Conclusion: There were no statistically significant differences regarding surgery time between the groups. Postoperative complications were similar between the groups in unilateral PDCs, but more common in the open group in bilateral cases. More patients in the open group experienced pain and impairment compared to the closed group.

Trial registration: Trial registration: ClinicalTrials.gov, ID: NCT02186548 and Researchweb.org, ID: 127201.

Place, publisher, year, edition, pages
Oxford University Press, 2018
National Category
Dentistry
Identifiers
urn:nbn:se:hj:diva-42386 (URN)10.1093/ejo/cjy070 (DOI)000456177500008 ()30321323 (PubMedID)
Available from: 2018-12-21 Created: 2018-12-21 Last updated: 2019-02-19Bibliographically approved
Zasčiurinskienė, E., Basevičienė, N., Lindsten, R., Slotte, C., Jansson, H. & Bjerklin, K. (2018). Orthodontic treatment simultaneous to or after periodontal cause-related treatment in periodontitis susceptible patients. Part I: Clinical outcome. A randomized clinical trial. Journal of Clinical Periodontology, 45(2), 213-224
Open this publication in new window or tab >>Orthodontic treatment simultaneous to or after periodontal cause-related treatment in periodontitis susceptible patients. Part I: Clinical outcome. A randomized clinical trial
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2018 (English)In: Journal of Clinical Periodontology, ISSN 0303-6979, E-ISSN 1600-051X, Vol. 45, no 2, p. 213-224Article in journal (Refereed) Published
Abstract [en]

Aim: To compare two treatment strategies regarding the effect of orthodontic treatment on periodontal status in patients with plaque-induced periodontitis.

Subjects and Methods: This was a randomized clinical trial. Fifty periodontal patients were randomly assigned to the test or control groups according to periodontal treatment timing. All patients received supra- and subgingival debridement following baseline examination. Control group patients received cause-related periodontal treatment before the start of orthodontic treatment and which was performed simultaneous to orthodontic treatment for the test group patients.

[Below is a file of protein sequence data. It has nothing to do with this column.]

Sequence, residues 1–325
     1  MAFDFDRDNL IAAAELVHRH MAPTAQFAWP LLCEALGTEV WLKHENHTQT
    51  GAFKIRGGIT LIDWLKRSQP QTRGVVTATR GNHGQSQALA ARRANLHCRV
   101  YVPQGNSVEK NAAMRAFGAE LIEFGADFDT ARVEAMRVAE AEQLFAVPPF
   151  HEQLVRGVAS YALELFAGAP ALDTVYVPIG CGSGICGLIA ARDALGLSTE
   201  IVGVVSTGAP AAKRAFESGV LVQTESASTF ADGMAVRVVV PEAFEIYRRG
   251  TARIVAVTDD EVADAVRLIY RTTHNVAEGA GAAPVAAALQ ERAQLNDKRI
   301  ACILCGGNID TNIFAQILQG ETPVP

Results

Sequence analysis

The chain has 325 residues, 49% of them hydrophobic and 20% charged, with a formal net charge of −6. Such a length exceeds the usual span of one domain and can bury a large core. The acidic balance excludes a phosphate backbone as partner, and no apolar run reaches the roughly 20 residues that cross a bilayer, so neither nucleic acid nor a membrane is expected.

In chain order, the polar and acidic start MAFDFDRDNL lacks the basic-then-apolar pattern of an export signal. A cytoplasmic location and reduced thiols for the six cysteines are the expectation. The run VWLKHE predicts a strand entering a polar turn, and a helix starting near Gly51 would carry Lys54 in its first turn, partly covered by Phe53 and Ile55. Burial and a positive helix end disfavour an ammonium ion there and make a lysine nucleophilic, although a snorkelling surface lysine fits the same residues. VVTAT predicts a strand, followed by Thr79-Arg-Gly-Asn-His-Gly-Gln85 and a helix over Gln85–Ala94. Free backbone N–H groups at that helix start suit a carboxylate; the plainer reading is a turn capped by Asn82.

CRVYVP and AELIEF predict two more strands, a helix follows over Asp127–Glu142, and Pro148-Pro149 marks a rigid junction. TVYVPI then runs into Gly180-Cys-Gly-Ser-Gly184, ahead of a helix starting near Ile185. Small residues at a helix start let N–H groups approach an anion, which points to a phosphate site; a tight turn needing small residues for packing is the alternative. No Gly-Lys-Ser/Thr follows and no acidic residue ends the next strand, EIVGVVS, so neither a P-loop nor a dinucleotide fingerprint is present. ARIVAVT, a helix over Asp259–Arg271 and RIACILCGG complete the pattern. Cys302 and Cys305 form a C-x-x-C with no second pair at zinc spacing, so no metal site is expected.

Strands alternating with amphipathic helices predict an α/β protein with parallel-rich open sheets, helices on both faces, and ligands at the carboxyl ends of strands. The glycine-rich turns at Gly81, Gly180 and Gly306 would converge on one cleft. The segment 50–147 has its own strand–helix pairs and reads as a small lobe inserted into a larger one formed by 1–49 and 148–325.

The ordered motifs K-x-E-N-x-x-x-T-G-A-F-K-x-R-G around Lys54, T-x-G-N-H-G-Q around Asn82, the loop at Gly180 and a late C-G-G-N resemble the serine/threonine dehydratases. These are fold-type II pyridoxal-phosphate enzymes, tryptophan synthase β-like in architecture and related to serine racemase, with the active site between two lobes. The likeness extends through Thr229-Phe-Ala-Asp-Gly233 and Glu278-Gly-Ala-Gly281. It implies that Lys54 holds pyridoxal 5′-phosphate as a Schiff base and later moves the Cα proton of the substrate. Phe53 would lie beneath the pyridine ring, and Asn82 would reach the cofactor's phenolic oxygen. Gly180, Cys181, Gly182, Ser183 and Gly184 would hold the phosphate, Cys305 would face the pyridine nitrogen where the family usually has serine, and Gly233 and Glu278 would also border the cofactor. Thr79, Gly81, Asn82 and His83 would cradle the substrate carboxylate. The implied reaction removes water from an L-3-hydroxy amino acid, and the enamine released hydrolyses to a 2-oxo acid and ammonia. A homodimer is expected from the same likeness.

Results: No difference between the test and control groups was found regarding change of clinical attachment level (CAL) after periodontal–orthodontic treatment. Fewer sites with initial pocket depth (PD) of 4–6 mm healed after periodontal–orthodontic treatment in the test group (20.5%, IQR = 11.9%) in comparison with controls (30.4%, IQR = 27.1%) (p =.03). Anterior teeth [OR 2.5] and teeth in male patients [OR 1.6] had a greater chance for PD improvement ≥2 mm. Total periodontal–orthodontic treatment duration was significantly longer for the control group (p <.01).

Conclusions: Both groups showed a gain of CAL and a reduction in sites with PD ≥ 4 mm. Orthodontic treatment, simultaneously to the periodontal treatment, could be used in the routine treatment of patients with plaque-induced periodontitis.

Place, publisher, year, edition, pages
John Wiley & Sons, 2018
Keywords
clinical attachment level, gingival recession, orthodontic treatment, periodontal treatment, periodontitis, pocket depth
National Category
Dentistry
Identifiers
urn:nbn:se:hj:diva-38627 (URN)10.1111/jcpe.12835 (DOI)000419830500007 ()29106749 (PubMedID)2-s2.0-85040336769 (Scopus ID)HHJADULTIS, HHJARNIS, HHJOralIS (Local ID)HHJADULTIS, HHJARNIS, HHJOralIS (Archive number)HHJADULTIS, HHJARNIS, HHJOralIS (OAI)
Available from: 2018-01-22 Created: 2018-01-22 Last updated: 2018-05-04Bibliographically approved
Stange, K. M., Lindsten, R. & Bjerklin, K. (2016). Autotransplantation of premolars to the maxillary incisor region: A long-term follow-up of 12-22 years. European Journal of Orthodontics, 38(5), 508-515